How Do We Think About “Us”?

We’ve recognized for many years the need to grow our community, both in terms of numbers and diversity. This year, we saw an explosion in truly inspiring and innovative approaches to changing the face of the future of our workforce, evolving the hiring process, strategies for building or augmenting apprenticeship/internship programs, and ways to attract and retain diverse talent. We’re recognizing diversity as a front-line defense that’s reshaping teams and approaches, as well as motivating more to join our ranks. Maybe there is cause for optimism!

Shifting Right and Shifting Left: Can We Find Center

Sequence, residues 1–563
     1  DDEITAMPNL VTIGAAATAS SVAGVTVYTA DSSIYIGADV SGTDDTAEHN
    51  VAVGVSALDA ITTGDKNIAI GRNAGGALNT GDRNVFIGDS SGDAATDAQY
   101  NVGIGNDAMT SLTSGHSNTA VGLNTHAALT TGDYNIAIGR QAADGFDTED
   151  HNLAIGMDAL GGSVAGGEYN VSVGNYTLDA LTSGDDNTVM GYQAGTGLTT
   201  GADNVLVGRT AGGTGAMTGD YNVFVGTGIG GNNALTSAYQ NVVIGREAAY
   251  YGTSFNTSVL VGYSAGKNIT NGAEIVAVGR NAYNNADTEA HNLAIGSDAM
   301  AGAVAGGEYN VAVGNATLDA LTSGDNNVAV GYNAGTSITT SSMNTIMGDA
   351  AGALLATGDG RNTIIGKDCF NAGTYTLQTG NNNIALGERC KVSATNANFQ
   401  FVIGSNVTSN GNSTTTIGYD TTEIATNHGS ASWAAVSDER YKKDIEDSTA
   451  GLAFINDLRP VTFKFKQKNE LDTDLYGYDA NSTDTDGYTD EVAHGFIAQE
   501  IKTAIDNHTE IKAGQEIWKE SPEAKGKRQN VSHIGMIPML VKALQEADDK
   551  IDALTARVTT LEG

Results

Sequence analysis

Past years saw an influx in “shift left” dialogue. This year, the rallying cry of “shift right” was loud, with a concerted interest in ensuring performance, resilience, and reliability, which seemed to bring with it more discussion in and around application security in the broadest sense. The movement to cloud-native constructs also seems to demand the adoption of both shift-left and shift-right strategies, and we’re clearly eager for some better CI/CD approaches with better visibility, hygiene, and security.

Open-Source Open Season